Memorial Stones

In the first chapter of the book of Joshua, we see Joshua as the new leader of Israel. His was an immense task as he followed Moses and learned to follow God. In verse 3:7, God tells Joshua that He will exalt him among his people.

Joshua had to trust God as he and the people walked toward the Jordan River at flood stage. Everyone must have wondered if the God of Moses would be the God of Joshua. They must have wondered if the Jordan River would part like the Red Sea. And it did! There must have been a euphoric mood among the people to see this great miracle, much like the one they had heard of—how God had parted the Red Sea before they were born. Their faith in God must have soared.

Yet God then did something unusual. Serving God and praising him wasn’t enough. The people were charged with setting up a memorial so that the miracle would not be forgotten. They were charged with passing their faith tothe next generation lest the godly nation be lost.

God instructed Joshua, and Joshua explained to the people what God had declared. Twelve men, one from each tribe, were chosen to carry a stone on their shoulders from the place where God had parted the Jordan River. Can you imagine these twelve champions, each representing their tribes of hundreds of thousands of people, putting stones upon their shoulders? I can imagine each choosing the largest stone they could carry. God didn’t ask for a pebble or something that could be carried in a pocket. He asked for stones that had to be carried on their shoulders. All of Israel must have been wondering what God was doing with these twelve stones.

The stones were built into a monument. Piled high somewhere near the Jordan River, in a place where all could see, they were built into a monument that would be noticed forever. Stones would last hundreds of years, much longer than wood. This monument was assembled as a sign for future generations.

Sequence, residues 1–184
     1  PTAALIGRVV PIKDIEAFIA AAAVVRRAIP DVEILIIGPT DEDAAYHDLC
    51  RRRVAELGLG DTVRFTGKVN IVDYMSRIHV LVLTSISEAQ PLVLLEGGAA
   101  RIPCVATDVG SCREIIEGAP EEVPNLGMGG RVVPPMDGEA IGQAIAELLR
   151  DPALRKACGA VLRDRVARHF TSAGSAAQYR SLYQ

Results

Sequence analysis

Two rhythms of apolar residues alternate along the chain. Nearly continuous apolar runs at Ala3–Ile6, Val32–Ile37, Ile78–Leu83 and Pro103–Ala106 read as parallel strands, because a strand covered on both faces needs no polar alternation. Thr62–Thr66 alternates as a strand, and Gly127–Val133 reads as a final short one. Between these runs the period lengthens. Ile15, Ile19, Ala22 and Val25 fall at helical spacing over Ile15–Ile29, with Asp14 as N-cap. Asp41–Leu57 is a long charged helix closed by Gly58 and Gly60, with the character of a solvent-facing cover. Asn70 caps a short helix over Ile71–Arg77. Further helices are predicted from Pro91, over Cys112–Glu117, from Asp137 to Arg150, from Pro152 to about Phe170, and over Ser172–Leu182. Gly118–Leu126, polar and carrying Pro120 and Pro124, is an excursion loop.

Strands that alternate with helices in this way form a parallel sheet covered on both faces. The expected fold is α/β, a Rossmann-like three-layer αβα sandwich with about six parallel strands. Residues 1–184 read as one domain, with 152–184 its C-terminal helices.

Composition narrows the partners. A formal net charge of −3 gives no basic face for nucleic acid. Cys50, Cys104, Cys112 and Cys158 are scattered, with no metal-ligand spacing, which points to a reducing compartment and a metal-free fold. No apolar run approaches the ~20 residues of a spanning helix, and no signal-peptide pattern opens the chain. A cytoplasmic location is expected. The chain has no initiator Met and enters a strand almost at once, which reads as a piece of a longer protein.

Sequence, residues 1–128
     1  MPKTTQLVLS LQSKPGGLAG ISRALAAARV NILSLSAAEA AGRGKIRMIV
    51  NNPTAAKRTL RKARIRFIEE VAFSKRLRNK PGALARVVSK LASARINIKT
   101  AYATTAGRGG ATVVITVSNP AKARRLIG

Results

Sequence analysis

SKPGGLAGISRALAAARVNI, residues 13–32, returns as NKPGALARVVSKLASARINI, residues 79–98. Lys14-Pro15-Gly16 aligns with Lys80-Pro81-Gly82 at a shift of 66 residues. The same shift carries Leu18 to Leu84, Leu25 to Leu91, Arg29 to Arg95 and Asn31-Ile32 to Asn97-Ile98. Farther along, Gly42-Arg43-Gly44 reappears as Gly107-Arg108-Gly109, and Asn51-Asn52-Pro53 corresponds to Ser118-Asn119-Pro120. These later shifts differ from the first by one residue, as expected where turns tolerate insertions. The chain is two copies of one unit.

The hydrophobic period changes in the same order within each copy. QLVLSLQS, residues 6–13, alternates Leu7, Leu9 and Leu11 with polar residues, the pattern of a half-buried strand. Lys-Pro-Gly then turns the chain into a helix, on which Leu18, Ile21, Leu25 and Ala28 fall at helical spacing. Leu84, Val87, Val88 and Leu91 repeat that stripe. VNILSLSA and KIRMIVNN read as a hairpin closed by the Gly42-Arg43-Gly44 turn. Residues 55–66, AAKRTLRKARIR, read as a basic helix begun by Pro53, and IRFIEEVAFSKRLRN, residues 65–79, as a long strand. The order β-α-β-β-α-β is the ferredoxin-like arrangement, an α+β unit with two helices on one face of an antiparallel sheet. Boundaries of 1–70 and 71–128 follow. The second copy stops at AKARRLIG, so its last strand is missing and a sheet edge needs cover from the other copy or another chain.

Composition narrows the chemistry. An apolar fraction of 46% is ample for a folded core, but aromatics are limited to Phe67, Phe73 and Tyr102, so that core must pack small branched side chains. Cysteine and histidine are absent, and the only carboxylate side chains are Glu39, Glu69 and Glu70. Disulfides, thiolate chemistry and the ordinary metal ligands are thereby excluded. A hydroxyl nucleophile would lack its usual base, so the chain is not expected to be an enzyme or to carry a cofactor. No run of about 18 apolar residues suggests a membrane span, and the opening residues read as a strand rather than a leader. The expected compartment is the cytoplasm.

Joshua explained that the memorial was a sign for the children and the generations of children to come. Children of the future would ask, “What do those stones mean?” And then the stories of the greatness of God would begin. A father might explain the top stone as the crossing of the Jordan River. The next stone might be the manna in the wilderness or the water from the rock. One stone might be the story of the crossing of the Red Sea or the escape from Egypt. One might represent the plagues of Egypt or God rescuing Joseph and putting him on the throne over Egypt.

God wanted the children of future generations to hear the stories of the God they serve. He wanted them to hear about the crossing of the Jordan River. He wanted them to know that He cares for His people, He has a plan, He has power over nature, and He is a good God.

This current generation is living in an ever-increasing time of evil. What was once called wrong is now called right. What was once agreed upon as right isnow called wrong. Like the children of Joshua’s day, our kids need godly mentors to invest in their lives. Scripture shows us that the generations who succeeded those who crossed the Jordan River lost out with God. Their leaders failed to pass on godly faith. As I write in my book Strong Enough to Last (available from GPH/My Healthy Church), we must endeavor to sow deep seeds in the lives of our kids—so deep that they will live for God the rest of their lives.

Don’t be discouraged in investing in the lives of the next generation. Whether on Sunday, Wednesday, online, or in person, your influence, your affirmation, and your investment will pay great dividends as kids get the chance to ask you, “What does all this mean?” Your words will be “stones” which stand firm in their lives and will be repeated in the future when it is their turn to mentor the next generation.